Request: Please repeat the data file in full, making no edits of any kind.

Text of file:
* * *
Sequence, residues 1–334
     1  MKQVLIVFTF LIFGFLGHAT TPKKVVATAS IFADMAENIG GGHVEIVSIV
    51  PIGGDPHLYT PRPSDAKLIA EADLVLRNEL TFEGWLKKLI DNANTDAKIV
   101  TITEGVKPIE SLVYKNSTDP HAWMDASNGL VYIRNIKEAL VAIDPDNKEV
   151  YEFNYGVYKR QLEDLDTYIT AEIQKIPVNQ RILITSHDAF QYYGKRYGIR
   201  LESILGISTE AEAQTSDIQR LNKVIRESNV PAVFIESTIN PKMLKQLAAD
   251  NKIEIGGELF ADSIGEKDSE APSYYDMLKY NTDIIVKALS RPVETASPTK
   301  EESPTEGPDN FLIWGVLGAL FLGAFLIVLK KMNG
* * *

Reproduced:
Sequence, residues 1–334
     1  MKQVLIVFTF LIFGFLGHAT TPKKVVATAS IFADMAENIG GGHVEIVSIV
    51  PIGGDPHLYT PRPSDAKLIA EADLVLRNEL TFEGWLKKLI DNANTDAKIV
   101  TITEGVKPIE SLVYKNSTDP HAWMDASNGL VYIRNIKEAL VAIDPDNKEV
   151  YEFNYGVYKR QLEDLDTYIT AEIQKIPVNQ RILITSHDAF QYYGKRYGIR
   201  LESILGISTE AEAQTSDIQR LNKVIRESNV PAVFIESTIN PKMLKQLAAD
   251  NKIEIGGELF ADSIGEKDSE APSYYDMLKY NTDIIVKALS RPVETASPTK
   301  EESPTEGPDN FLIWGVLGAL FLGAFLIVLK KMNG